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Pop a pill – save the State money

Pop a pill – save the State money

For the first time, women will be able to buy the progesterone-only contraceptive pill over the counter at pharmacies after regulators gave the measure ‘the green light’, although purchasers ‘will still need to have a consultation with a pharmacist’ (‘The Pill is on sale at pharmacy’, Daily Express, July 9, 2021).


However, although considered safer than other artificial hormones, the PoP is not without risks, including ovarian cysts and the risk of pregnancy if not taken at the correct time; a link to breast cancer is still being explored.


But given the history of ‘mission creep’ in such matters, with the morning-after pill already available at pharmacies, it will come as no surprise when the oestrogen Pill - with all its risks, including cancer, blood clots, hearts attacks, strokes and suicide – also becomes available at chemists’ counters.


Medically approved, the overall risk of hormonal contraceptives is portrayed as low, but these ‘medications’ are unusual in that they are prescribed for something that is not a disease, and women must be healthy in order to take something that might make them sick.


Nonetheless, women seeking the PoP will at least be able to have a face-to-face consultation, even it is not with their own GP; whether they will be weighed and examined is another matter, and the pharmacist will be in no position to check their medical history.


Even more worrying, as with the morning-after pill and abortion, according to the NHS girls under the age of consent can access the PoP without their parents or carers knowing, a policy that has fuelled the ongoing mass sexual abuse of children and young teenagers, a country-wide scandal in which perpetrators are still avoiding justice.


This is another disaster waiting to happen, but the new measure should come as no surprise from a Government that has already relaxed the law to allow abortion pills to be sent to women in the post – a temporary ‘Covid’ measure which they are likely to make permanent.


However, responding to the PoP announcement, Dr Edward Morris, President of the Royal College of Obstetricians and Gynaecologists, said: ‘“This is a huge win for women and girls who will no longer face unnecessary barriers when accessing this contraception”’, adding that ‘“[t]oo many women and girls were struggling to access basic services”’, resulting in ‘“an increase in unplanned pregnancies, which can result in poorer outcomes for women and babies.”’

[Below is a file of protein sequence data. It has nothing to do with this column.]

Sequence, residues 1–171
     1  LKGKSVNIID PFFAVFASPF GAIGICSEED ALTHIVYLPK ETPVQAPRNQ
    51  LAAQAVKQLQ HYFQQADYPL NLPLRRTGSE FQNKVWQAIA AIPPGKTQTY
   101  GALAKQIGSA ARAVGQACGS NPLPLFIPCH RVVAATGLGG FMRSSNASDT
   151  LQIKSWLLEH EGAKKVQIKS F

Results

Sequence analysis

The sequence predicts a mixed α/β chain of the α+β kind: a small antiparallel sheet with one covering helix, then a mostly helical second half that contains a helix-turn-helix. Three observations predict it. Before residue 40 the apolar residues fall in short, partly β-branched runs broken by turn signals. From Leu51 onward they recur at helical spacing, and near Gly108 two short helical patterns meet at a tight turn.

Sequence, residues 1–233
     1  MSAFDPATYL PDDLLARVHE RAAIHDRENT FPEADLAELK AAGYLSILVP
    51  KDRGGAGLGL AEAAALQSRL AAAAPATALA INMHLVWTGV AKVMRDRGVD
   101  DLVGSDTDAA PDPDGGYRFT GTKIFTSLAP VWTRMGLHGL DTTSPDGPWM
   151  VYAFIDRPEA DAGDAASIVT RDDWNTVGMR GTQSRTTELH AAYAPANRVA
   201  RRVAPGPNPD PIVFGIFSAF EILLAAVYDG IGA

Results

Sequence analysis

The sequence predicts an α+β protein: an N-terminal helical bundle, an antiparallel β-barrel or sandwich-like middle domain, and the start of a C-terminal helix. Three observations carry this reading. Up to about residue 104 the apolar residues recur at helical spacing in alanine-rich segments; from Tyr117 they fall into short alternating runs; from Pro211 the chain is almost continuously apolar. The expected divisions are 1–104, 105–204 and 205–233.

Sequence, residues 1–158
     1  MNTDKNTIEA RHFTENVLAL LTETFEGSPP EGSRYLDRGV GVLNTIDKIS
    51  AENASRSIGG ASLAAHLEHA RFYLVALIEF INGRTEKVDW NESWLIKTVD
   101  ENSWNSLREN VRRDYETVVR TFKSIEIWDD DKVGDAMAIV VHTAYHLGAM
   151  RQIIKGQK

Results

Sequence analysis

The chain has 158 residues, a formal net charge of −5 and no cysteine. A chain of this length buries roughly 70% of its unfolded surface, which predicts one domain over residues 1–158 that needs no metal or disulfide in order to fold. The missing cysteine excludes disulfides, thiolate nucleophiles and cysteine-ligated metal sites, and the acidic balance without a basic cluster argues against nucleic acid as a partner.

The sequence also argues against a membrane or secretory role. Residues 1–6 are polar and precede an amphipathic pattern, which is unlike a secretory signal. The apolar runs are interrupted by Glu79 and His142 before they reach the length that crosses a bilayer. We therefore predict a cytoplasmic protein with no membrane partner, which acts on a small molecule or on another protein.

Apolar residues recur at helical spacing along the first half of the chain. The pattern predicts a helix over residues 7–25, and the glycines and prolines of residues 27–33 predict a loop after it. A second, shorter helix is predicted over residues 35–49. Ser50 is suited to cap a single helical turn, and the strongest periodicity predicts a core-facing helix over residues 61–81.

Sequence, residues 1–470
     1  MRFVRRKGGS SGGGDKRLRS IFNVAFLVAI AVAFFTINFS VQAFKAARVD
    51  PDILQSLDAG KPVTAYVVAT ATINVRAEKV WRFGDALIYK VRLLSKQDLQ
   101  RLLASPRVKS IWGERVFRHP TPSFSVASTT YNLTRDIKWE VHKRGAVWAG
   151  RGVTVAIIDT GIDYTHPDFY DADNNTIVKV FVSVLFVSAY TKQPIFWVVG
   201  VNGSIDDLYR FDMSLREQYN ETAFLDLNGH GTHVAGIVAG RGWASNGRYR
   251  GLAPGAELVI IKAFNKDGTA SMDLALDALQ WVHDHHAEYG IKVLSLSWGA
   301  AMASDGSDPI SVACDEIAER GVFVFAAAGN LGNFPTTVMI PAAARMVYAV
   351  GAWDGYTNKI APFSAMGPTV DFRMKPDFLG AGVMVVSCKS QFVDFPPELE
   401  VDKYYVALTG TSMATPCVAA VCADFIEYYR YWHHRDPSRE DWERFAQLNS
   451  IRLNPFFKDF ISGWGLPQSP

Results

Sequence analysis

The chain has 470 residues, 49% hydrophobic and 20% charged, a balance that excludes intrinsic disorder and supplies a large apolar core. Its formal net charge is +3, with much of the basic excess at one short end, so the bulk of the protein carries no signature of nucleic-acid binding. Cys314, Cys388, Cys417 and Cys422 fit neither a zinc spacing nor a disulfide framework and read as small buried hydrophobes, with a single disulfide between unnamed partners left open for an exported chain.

The new policy will undoubtedly mean richer outcomes for drugs companies, since the PoP proposals were drawn up following applications from two pharmaceutical companies, Maxwellia and HRA Pharma, to allow their products to be reclassified for sale over the counter.

Far from a ‘huge win’ for women, it is a ‘huge win’ for Big Pharma to usher in a health policy that promotes better ‘outcomes for women and babies’ by preventing the babies in the first place.


However, Dr Morris’s support should come as no surprise, since he believes that sending abortion pills to women so they can be taken anywhere, after a cursory phone ‘consultation’, is actually safer for women; he wants ‘home abortions’ to continue, insisting they are ‘one of the few success stories of the pandemic and should remain in place’ because ‘allowing the use at home of the two pills required for an early medical abortion has created a safer, more effective, and – crucially – a kinder service for women.’


It is certainly kinder to abusers, rapists and pharmaceutical companies, but since Dr Morris approves of popping abortion pills in the post, it is no surprise that he is also in favour of selling PoP over the counter. It is nothing to do with the health of women and the safety of girls, and certainly nothing to do with the health of babies, but everything to do with profits and other people’s convenience.


This includes the convenience of doctors, who will have one more reason not to see patients face to face. No doubt, too, the Government believes it will save money for the taxpayer by preventing children from being born, although they seem to have given no thought to where all the taxpayers of the future will come from. As for the chemists, if in future they wonder about the decline in thier customer base, they will have only themselves to blame.